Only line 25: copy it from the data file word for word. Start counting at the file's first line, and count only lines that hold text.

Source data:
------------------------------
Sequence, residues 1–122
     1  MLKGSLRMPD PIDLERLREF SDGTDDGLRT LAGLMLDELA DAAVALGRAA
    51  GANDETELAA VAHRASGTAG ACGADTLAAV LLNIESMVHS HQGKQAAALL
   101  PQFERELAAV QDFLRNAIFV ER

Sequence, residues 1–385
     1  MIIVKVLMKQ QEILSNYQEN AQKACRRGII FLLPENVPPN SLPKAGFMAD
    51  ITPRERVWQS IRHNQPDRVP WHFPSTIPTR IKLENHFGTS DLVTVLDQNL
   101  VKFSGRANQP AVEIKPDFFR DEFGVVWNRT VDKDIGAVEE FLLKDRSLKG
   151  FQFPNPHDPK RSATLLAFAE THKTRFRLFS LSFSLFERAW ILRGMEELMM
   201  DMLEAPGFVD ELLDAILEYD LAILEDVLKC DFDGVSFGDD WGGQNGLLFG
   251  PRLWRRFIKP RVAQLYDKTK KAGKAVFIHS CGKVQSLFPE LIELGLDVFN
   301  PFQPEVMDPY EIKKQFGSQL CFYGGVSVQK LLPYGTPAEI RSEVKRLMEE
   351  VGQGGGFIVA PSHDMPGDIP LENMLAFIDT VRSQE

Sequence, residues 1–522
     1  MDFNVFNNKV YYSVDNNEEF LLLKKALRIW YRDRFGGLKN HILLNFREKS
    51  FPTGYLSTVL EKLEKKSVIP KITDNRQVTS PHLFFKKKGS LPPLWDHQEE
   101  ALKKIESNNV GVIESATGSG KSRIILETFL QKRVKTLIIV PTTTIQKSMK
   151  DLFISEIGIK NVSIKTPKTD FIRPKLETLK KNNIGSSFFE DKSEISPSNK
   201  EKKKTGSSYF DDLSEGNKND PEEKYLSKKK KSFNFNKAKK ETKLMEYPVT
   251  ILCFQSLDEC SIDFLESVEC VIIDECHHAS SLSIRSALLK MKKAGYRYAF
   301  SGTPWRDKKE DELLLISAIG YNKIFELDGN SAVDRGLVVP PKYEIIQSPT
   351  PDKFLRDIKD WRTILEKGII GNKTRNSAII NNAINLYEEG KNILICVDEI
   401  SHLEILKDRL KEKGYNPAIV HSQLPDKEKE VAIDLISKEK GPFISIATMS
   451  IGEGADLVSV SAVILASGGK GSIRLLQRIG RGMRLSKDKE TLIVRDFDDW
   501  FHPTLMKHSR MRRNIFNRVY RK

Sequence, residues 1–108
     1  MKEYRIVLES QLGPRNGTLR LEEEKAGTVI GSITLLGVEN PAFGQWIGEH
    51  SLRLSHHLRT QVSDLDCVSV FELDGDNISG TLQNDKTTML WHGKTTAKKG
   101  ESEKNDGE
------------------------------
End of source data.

   501  FHPTLMKHSR MRRNIFNRVY RK